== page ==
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Nassau marine bureau officer patrolling LI waterways: We're 'like a police car on the water'

Nassau County Marine Bureau Police Officer Joseph Stassi said on Wednesday, July 17 that education is the key to keeping boaters safe. Credit: Newsday / Yeong-Ung Yang

Instead of climbing into a police cruiser, Joseph Stassi climbs into a boat.

His beat, as a Nassau County police officer with the Marine Bureau, is Long Island's waterways.

On Tuesday, Stassi and his two partners were keeping watch over the South Shore, from Tobay Beach to South Oyster Bay.

"It's just like a police car on the water," Stassi said of his boat.

His workdays are long — 12 hours — and have a rhythm.

First up, making safety checks for the Department of Homeland Security, looking for any suspicious activity at bridges, power plants and oil refineries. 

Next is dealing with traffic: Checking up on swimmers in a marked channel, an area where they shouldn't be. Stopping a boater who doesn't have his registration posted. And, of course, the speeders.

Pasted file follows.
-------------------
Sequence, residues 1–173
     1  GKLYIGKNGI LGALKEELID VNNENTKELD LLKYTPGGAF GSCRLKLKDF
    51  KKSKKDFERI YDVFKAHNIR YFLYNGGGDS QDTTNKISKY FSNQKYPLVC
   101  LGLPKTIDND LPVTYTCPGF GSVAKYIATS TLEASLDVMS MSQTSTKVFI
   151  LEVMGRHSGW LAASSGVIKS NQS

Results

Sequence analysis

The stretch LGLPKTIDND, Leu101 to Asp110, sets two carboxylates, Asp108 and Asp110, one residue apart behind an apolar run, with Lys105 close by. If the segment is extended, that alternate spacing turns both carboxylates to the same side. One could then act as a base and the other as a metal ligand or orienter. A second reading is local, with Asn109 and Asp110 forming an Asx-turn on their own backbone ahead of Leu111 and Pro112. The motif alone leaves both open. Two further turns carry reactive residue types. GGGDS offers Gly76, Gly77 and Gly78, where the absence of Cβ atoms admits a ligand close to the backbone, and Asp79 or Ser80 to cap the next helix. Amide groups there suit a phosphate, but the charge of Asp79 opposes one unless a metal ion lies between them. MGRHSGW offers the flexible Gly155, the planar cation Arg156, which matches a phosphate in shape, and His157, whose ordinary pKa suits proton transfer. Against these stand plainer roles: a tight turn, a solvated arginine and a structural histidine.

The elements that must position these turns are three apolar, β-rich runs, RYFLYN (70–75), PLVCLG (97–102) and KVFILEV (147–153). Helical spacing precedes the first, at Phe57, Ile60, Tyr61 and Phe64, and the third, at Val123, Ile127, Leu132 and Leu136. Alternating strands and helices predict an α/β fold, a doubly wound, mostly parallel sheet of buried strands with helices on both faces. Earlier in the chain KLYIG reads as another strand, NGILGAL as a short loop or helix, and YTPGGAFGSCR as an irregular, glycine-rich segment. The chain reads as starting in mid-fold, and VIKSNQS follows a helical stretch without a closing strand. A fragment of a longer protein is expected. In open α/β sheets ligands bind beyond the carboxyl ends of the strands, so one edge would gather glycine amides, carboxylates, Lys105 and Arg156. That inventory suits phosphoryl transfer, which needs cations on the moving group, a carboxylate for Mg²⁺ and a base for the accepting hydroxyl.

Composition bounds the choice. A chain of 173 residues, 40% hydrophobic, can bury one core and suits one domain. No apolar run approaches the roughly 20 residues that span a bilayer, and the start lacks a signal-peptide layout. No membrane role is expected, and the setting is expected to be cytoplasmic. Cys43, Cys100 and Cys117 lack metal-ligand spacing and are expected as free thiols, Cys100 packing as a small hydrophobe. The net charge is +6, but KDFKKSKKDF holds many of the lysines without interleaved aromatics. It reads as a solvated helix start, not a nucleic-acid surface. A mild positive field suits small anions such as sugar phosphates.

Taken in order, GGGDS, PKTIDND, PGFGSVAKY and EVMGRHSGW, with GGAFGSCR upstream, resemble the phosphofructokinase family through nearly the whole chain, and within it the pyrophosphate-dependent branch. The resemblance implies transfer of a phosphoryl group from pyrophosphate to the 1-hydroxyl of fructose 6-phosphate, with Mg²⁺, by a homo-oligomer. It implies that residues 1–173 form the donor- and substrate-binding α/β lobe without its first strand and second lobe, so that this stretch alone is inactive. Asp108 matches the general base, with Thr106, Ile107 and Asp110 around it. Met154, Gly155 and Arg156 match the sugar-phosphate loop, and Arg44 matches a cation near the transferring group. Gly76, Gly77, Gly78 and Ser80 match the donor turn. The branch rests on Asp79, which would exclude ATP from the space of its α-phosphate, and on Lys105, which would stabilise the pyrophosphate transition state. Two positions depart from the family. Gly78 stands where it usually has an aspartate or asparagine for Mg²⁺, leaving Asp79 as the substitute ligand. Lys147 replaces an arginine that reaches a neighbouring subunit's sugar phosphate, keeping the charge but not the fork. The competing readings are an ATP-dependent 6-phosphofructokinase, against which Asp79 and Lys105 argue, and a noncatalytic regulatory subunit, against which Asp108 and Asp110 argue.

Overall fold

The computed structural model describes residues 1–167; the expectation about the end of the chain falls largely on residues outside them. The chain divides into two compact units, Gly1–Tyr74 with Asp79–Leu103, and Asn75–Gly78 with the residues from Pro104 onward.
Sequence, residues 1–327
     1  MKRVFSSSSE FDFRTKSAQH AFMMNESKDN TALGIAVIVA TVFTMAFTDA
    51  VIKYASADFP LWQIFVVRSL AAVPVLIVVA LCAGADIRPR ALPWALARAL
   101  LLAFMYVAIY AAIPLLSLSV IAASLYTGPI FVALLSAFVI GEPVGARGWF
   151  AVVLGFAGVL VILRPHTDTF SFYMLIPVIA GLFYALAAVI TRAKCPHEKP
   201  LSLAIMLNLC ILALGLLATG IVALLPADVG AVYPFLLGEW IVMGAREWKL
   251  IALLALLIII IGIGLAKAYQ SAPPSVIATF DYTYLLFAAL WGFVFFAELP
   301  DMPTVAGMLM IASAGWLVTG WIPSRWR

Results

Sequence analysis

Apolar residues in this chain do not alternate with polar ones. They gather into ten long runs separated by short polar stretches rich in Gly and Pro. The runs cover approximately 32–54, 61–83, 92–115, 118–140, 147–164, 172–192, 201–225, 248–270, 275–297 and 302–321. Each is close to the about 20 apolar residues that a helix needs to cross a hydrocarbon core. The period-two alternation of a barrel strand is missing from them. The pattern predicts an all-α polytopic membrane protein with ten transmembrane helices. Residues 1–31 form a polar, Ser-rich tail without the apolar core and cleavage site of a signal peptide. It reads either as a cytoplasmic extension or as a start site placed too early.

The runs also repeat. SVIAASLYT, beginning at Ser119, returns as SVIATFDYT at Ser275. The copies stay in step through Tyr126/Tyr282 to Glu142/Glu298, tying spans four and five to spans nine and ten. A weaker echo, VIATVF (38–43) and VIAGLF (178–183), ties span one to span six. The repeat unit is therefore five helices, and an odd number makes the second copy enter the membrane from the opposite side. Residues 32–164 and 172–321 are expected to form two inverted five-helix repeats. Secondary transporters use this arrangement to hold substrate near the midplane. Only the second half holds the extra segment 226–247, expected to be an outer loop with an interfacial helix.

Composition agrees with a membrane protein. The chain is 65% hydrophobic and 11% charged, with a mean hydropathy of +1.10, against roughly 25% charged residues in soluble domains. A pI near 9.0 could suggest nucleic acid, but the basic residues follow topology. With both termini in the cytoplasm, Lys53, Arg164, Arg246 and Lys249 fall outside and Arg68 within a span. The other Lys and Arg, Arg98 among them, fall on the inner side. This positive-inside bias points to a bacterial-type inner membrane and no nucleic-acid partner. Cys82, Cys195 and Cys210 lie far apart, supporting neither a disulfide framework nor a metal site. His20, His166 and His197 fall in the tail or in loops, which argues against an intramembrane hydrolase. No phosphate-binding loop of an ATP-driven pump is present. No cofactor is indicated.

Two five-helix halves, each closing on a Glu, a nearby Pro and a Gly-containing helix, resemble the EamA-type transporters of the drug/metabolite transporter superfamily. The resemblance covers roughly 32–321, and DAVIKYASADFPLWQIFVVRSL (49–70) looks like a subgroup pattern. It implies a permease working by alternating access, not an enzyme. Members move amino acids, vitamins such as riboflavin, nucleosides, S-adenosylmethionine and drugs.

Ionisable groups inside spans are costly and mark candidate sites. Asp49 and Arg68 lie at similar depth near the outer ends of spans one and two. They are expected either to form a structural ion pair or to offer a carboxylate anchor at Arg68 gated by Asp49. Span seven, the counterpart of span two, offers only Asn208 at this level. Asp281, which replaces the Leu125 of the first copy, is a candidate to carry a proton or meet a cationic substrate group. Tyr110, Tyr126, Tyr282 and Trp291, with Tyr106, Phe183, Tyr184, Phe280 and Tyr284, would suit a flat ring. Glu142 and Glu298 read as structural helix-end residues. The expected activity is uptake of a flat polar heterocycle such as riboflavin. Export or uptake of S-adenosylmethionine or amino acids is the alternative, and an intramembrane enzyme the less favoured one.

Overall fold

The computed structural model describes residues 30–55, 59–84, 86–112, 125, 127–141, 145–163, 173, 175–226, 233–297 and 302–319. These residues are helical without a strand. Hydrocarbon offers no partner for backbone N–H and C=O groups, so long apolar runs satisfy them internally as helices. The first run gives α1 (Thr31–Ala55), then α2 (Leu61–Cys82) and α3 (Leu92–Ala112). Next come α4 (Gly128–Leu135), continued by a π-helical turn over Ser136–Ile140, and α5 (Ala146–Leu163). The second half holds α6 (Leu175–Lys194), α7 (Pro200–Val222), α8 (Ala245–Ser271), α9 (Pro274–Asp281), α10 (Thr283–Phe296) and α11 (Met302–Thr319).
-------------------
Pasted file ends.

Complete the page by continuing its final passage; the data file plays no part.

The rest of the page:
Speeding is something Stassi sees a lot of — along with large powerboats not carrying proper flotation devices. Boaters need to carry a lifejacket for every passenger and an airhorn or whistle, Stassi said.

Motorboats also must have a throwable flotation device like a life preserver; a visual distress signal, such as a flare; and a fire extinguisher.

Stassi can check for all safety equipment anytime he makes a stop. If he doesn't find enough lifejackets, for example, he sends the boater straight to the nearest dock.

Before joining the Nassau force 16 years ago, Stassi, 44, spent six years with the NYPD patrolling New York Harbor. 

Like all Nassau marine patrol officers, Stassi went through the police academy and then took three weeks of training on boating skills, marine navigation, emergency response on the water and rules of the waterways.

Stassi also had to finish a swimming test — two laps in an Olympic size pool in full uniform — that he described as a “wake-up call.” 

“You can’t take a police officer out of a police car and put them in a boat and expect them to be able to operate the boat in a day,” he said. 

A routine day on the water can take a dangerous turn out of nowhere, which is why Stassi always has to be on his toes. 

“Most of our job is keeping people safe,” he said.

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